Realize that that some people would rather learn information from others to spread around with negative motives… hence the reason they do not have many true friends. These people usually are enjoyable to hang out with because they seem to know all the “dirt” on others. So beware! And if you do fall in step with someone who is “all show, no substance” — just take what they say with a grain of salt. Chances are that the people they are gossiping about are really the people that you want to seek out as friends!

4. Learn who and how to trust.

Trust is definitely something that needs to be earned– but it also should not be discounted if it hasn’t been broken before. One way to tell if someone is trustworthy is consistency in their words and deeds. Can they be counted on to do what they say they will? Do their actions support the values that they claim to hold most dear? If they screw up (we all do, from time to time) – do they own up?

Since trust is the basis of any relationship you do almost have to blindly trust people in order to get close to them. If they break your trust, so be it–move on, find new friends. But in order to have close relationships, you must trust in the good in people. I’m not saying to tell your deepest secrets to your new neighbor, but definitely don’t build a wall around you and not let anyone in.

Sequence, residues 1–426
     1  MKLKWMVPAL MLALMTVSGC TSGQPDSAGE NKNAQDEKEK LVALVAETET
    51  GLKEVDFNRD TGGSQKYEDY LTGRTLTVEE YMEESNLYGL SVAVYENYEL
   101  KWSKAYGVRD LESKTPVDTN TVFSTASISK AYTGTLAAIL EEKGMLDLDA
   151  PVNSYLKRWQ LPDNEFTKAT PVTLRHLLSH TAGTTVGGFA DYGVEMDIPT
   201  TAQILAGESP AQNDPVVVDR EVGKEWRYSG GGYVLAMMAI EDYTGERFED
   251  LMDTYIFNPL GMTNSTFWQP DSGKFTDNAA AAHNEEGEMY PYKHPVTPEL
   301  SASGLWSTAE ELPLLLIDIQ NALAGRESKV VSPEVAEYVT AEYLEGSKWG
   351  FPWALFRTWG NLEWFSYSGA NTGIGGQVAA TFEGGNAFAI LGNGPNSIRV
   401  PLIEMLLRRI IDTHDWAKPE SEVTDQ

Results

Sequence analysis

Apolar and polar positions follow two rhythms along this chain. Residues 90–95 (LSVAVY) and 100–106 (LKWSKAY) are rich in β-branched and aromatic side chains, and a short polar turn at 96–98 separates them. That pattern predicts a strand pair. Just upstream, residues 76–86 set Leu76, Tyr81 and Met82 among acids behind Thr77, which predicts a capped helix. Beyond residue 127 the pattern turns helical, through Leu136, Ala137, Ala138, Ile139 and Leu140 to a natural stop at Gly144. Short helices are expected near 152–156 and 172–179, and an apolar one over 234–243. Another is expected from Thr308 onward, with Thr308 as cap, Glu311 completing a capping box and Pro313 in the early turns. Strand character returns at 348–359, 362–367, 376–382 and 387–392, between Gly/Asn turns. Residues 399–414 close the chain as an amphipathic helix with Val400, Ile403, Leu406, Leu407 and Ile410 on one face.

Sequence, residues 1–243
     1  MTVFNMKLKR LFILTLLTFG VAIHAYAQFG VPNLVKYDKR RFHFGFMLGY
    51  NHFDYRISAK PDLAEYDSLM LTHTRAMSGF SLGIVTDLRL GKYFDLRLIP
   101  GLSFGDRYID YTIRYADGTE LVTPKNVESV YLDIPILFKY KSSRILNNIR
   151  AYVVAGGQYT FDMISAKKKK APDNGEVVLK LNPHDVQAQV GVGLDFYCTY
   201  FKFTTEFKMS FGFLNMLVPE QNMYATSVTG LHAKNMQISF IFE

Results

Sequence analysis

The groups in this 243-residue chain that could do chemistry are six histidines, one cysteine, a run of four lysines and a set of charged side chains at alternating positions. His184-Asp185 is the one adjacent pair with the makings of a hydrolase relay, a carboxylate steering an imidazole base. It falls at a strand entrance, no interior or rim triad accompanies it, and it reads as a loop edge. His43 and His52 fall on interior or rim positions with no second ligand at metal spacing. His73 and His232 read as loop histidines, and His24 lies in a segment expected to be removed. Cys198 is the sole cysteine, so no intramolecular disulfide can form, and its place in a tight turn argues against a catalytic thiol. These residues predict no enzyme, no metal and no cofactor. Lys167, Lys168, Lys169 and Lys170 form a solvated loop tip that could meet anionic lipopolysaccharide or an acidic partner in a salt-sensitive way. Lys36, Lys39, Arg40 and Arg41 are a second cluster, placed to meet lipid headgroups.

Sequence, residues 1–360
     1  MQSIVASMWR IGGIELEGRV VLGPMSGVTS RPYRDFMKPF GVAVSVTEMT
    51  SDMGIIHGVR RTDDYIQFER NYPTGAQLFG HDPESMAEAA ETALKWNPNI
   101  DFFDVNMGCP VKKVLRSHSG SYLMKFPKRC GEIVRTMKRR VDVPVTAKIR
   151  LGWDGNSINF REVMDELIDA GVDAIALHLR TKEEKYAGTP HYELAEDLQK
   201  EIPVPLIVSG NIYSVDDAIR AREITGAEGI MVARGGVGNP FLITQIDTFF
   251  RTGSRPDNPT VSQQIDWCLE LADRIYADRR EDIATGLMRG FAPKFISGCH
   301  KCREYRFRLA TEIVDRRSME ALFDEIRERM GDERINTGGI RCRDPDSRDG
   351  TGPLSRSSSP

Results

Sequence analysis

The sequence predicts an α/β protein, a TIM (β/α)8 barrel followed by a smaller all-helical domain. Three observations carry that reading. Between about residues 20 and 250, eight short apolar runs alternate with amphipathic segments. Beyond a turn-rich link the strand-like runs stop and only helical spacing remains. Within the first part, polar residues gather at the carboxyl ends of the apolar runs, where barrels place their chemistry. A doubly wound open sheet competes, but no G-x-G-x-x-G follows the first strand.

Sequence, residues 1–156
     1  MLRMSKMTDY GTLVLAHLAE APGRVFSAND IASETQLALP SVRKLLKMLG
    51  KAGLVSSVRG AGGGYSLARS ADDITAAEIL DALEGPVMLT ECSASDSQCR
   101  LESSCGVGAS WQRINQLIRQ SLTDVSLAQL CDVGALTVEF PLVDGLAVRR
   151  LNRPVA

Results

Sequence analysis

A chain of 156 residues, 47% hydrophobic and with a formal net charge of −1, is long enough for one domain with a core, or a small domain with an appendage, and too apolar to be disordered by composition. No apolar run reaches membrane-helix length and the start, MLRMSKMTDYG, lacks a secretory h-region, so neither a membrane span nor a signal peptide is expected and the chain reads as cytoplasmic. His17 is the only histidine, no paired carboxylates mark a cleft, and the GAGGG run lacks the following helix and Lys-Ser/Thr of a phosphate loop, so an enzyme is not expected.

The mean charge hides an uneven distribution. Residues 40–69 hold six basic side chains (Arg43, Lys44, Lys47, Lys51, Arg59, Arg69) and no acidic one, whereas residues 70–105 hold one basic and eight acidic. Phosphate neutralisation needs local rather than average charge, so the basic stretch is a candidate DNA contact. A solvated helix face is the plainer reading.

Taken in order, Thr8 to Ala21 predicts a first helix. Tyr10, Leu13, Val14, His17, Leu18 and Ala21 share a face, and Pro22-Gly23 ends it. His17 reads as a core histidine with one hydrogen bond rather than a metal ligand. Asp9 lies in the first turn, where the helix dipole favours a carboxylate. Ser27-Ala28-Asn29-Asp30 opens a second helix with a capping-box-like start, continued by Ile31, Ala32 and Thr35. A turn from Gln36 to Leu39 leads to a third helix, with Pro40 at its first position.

Trustworthy people are all around us – we need only open our eyes to recognize them. If you’re been hiding your true self away for a while, I know that can be tough. But if you take the time to really get to know someone, slowly, you will find that over time your trust in them, and their trust in you, begins to deepen. Let your inner voice be your guide.

Find Your True Calling and Be Happy.

David Bohl is offering The Happiness Trilogy as an alternative to personal coaching. Three self-improvement guides, packaged together at one low price. Includes “Your Life in Balance,” “The Goal Book,” and “Your Personal Mission Statement.” Learn more and order today!

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Thanks to Widow’s Quest for featuring this article in the Carnival of Positive Thinking, to Effortless Abundance for including this article in the Effortless Abundance Carnival, and to Journey Inward Productions for publishing this article in the Inner Wisdom Project.